If the same range is to be sorted repeatedly, the best approach is to give the range a name. If a name is defined for the range to be sorted, type the name in the Name Box, or select it from the associated drop-down list. This way, Excel automatically highlights the correct range of data in the worksheet.

Any sorting requires the use of sort order. When sorting by values, there are two possible sort orders: ascending and descending. However, when sorting by colors, no such order exists, so you must manually define the color sort order.

How to Sort by Cell Background Color in Excel

In the example below, the records of students age 20 and younger are highlighted in red. To sort the data by cell background color so that the red entries appear on top:

Highlight the range of cells to be sorted (cells A2 to D11 in the example).

Select the Sort on drop-down arrow and choose ​Cell Color.

Clear the My data has headers check box so that the first row doesn’t get cut off.

Select the Order drop-down arrow and choose Red.

When Excel finds different cell background colors in the selected data, it adds those colors to the Order drop-down list in the dialog box.

Choose On Top from the drop-down list next to the sort order box so that the red cells will be at the top of the list, then select OK.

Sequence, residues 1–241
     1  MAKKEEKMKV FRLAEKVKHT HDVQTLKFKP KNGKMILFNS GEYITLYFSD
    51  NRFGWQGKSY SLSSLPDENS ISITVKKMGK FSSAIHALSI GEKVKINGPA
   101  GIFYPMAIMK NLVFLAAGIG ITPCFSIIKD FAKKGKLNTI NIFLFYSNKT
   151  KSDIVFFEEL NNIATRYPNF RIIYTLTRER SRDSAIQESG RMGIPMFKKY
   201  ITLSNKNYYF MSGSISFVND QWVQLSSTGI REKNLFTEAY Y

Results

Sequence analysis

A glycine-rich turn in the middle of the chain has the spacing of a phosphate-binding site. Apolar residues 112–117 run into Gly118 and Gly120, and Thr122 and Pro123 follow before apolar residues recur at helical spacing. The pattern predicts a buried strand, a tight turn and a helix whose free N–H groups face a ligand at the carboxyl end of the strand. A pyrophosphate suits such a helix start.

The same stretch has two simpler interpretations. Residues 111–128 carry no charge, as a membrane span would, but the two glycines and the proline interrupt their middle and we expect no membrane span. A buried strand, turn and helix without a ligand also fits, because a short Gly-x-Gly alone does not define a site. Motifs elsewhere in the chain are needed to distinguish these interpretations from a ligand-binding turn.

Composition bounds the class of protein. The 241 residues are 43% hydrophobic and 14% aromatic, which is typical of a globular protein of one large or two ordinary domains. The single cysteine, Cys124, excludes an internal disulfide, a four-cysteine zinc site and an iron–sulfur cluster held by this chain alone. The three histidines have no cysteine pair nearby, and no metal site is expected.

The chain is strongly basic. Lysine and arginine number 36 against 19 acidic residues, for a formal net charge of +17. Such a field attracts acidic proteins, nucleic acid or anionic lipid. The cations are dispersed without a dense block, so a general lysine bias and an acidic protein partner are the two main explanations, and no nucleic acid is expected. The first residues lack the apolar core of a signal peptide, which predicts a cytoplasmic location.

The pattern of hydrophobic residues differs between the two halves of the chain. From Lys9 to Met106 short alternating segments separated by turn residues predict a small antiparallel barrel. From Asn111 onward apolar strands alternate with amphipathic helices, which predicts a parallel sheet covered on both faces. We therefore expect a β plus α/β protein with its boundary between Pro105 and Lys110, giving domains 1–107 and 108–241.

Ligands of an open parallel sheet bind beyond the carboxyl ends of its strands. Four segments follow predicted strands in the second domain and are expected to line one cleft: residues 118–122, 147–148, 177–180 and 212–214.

The four records with red backgrounds are grouped together at the top of the data range.

When working with calculations, you can make negative numbers in Excel appear red by default to help those numbers stand out more.

How to Sort by Font Color in Excel

In the example below, the records of students enrolled in nursing programs appear in red, and those enrolled in science programs are blue. To sort the data by font color:

Highlight the range of cells to be sorted (cells A2 to D11 in the example).

Select the Sort on drop-down arrow and choose ​Font Color.

Clear the My data has headers check box so that the first row doesn’t get cut off.

Select the Order drop-down arrow, then choose Red.

When Excel finds different font colors in the selected data, it adds those colors to the Order drop-down list in the dialog box.

Choose On Top from the drop-down list next to the sort order box so that the red entries will be at the top of the list.

Use the same settings as the first sort level, but this time select the Order drop-down arrow and choose Blue.

Select OK to sort the data and close the dialog box.

The two records with the red font color are grouped together at the top of the data range, followed by the two blue records.

How to Sort by Icon in Excel

Icon sets offer an alternative to regular conditional formatting options that focus on the font and cell formatting changes. The example below contains dates and temperatures that have been conditionally formatted with the stoplight icon set based on the daily maximum temperatures.

Follow these steps to sort the data so that records displaying the green icons are grouped first, followed by the yellow icons, and then the red icons: